When our 36-inch standard television went on the fritz, I knew it was time to replace the 8-year-old behemoth with a flat screen. I’m not enough of a TV fanatic to go super-high-end, but I definitely wanted a flat-screen, high-def television that I could afford. The Vizio Class Eco 42-inch HD LCD was the answer to my problem.
The Vizio 1080p HD LCD we bought had a screen diameter of 42 inches, which was plenty enough viewing space for my family and any other guests. I was surprised that it was relatively light and I could carry it over head, unlike my 36-inch television that gave me a hernia every time I moved it more than an inch. In the store the Vizio seemed to operate like all the other High-Definition televisions, but how would it fare in my home?
Picture Quality. I do like the picture quality. Maybe it’s because I’m used to a standard 490 pixels-per-inch display, but a high-def LCD is leaps and bounds beyond that- IF you get high definition television. Otherwise, the picture quality doesn’t change much. In fact, it may look worse because the screen is so large. Just imagine blowing up a photo ten times its size and then covering it up with clear tape. That’s what standard television looks like on a High-Def screen. Pony up the extra five bucks a month to get your money’s worth from the Vizio. The only issues I have are when the sun hits right on the screen. It gets darker than it should. A little repositioning and closing of the blinds made everything better. There is also a myriad of options for the Vizio 42″ LCD picture, to include two widescreen modes.
Sound. This is where I have issues. The standard sound is very clear. However, there isn’t much work put into those variable volume levels that some shows have. I’m not sure if it’s my television or my service provider (AT&T U-Verse) but the sound differentials weren’t a big issue on my old television. I’ve run it through the built-in equalizer options and I still get the same bothersome results. The biggest difference is when watching concert videos or music videos. Sometimes I can’t hear the singer but the horrible bass player is turned up way high, or the high-hat is stinging my ears. Overall it isn’t a horrible, but for a high-def television I expected better.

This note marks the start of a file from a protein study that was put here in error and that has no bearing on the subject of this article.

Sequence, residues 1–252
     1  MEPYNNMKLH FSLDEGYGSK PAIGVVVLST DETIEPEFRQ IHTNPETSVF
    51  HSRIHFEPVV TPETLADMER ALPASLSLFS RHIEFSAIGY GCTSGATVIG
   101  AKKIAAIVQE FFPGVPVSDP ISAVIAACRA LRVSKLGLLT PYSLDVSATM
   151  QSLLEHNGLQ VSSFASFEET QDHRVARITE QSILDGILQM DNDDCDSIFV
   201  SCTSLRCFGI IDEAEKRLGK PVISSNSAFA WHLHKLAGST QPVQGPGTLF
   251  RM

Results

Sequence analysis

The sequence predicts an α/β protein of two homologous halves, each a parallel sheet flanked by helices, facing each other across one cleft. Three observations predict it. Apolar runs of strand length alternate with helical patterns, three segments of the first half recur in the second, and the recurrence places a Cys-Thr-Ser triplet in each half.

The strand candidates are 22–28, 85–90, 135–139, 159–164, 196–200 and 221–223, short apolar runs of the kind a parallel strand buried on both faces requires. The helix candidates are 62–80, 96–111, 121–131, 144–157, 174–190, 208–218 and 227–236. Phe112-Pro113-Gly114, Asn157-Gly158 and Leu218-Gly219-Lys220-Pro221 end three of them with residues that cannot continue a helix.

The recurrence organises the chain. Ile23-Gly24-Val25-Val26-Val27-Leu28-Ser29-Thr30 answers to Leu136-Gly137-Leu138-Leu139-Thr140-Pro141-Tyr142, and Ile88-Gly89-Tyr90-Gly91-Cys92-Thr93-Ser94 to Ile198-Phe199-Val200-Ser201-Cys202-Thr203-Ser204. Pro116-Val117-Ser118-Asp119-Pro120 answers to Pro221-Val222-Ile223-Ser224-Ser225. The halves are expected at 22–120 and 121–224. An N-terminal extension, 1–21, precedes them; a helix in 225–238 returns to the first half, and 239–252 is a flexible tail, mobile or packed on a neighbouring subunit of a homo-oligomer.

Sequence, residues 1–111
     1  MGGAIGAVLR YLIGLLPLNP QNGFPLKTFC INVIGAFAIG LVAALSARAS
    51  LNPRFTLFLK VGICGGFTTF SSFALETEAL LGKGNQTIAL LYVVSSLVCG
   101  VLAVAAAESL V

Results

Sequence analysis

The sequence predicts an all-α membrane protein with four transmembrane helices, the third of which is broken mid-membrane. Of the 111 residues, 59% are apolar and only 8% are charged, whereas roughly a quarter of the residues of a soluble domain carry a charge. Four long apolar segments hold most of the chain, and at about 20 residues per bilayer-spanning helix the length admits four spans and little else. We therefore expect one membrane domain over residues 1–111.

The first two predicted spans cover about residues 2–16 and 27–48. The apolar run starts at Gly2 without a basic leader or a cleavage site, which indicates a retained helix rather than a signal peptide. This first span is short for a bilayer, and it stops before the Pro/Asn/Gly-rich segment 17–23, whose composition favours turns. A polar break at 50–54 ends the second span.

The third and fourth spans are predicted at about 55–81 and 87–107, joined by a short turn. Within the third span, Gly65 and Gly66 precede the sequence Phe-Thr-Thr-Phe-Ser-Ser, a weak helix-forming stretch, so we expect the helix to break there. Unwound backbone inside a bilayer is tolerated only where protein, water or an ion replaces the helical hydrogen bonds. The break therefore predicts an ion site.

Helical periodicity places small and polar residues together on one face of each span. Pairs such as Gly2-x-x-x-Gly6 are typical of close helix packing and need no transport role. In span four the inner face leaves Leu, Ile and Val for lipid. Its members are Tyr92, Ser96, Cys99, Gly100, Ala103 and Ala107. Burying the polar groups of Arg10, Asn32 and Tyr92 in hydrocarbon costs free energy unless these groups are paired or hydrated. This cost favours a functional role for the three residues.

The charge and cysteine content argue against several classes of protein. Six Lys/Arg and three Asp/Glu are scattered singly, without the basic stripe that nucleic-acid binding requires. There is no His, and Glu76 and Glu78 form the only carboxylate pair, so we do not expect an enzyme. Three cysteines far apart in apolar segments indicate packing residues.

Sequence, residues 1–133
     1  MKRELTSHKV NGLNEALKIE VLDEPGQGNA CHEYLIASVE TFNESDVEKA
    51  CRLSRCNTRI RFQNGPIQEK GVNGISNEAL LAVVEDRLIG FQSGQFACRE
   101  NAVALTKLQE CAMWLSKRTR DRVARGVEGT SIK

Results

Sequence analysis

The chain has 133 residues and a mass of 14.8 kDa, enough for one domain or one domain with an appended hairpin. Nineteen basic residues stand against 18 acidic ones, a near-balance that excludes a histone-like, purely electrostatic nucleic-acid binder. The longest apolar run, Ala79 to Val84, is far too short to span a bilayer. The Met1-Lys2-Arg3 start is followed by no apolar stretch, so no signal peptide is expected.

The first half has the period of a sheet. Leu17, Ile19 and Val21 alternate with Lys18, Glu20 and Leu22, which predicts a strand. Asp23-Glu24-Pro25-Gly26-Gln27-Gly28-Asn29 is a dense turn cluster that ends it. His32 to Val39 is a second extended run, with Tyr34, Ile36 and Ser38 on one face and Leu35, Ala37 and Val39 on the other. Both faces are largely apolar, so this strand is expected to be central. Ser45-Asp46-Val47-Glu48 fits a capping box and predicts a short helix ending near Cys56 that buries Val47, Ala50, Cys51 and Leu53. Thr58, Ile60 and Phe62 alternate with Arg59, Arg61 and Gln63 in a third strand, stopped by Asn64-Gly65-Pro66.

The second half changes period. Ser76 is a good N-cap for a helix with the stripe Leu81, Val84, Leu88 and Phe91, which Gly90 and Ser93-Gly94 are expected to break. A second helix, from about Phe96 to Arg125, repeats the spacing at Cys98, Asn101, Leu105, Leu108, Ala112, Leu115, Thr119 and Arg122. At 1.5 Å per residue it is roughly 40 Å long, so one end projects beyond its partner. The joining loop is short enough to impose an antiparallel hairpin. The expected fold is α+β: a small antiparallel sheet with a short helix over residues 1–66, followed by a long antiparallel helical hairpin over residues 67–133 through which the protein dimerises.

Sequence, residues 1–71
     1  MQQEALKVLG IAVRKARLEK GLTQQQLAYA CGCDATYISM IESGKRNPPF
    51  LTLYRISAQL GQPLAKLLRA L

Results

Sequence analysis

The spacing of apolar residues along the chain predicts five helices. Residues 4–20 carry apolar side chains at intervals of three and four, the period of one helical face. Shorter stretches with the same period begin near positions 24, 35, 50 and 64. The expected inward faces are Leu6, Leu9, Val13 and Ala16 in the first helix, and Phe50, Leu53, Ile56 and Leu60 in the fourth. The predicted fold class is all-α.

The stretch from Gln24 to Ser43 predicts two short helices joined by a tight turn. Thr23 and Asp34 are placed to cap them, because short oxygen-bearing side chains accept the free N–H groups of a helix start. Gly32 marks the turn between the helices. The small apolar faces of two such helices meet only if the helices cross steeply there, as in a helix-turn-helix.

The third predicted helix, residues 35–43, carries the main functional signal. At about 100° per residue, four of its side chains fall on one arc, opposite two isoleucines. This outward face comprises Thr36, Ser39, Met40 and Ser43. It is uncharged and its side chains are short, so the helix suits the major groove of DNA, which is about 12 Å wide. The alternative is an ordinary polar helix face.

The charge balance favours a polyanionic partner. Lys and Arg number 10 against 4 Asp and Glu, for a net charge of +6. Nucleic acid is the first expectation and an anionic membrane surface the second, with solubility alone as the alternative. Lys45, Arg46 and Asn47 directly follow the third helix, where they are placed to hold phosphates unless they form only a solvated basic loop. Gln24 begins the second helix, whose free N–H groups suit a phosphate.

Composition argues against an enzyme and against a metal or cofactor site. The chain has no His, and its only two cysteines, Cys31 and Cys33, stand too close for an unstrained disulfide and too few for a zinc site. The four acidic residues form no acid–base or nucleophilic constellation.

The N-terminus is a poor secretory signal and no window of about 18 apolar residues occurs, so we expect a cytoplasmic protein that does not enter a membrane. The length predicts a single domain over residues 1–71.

Controls. The Vizio Class Eco LCD’s manual controls are on the left side. The back panel has easy access for all your connection needs, like when you want to hook up your DVD player or attach an HDMI cable. There are three HDMI outputs as well as other outputs for S-Video, Optical sound and your standard yellow-red-white connectors. You aren’t lacking in options for connectivity.
Value. I must confess, I got the Vizio 42″ Class Eco LCD on a deal. It was a returned product with the packaging tape still on it and nary a scratch. We suspect the owner found it to not be the right size once he got home. I still get the full warranty and return policy that originally came with it. But for the going price of $643 at Wal-Mart, the Vizio 42″ LCD was heads above its competitors if you’re looking for a quality upgrade from standard to high-def. I saw smaller-sized screens selling for at least $100 more just because of what name they were attached to. But Vizio is no slouch as the largest LCD TV seller in America. They’ve also expanded to selling sound products for their TVs. So if you don’t recognize the name, this television is a good start.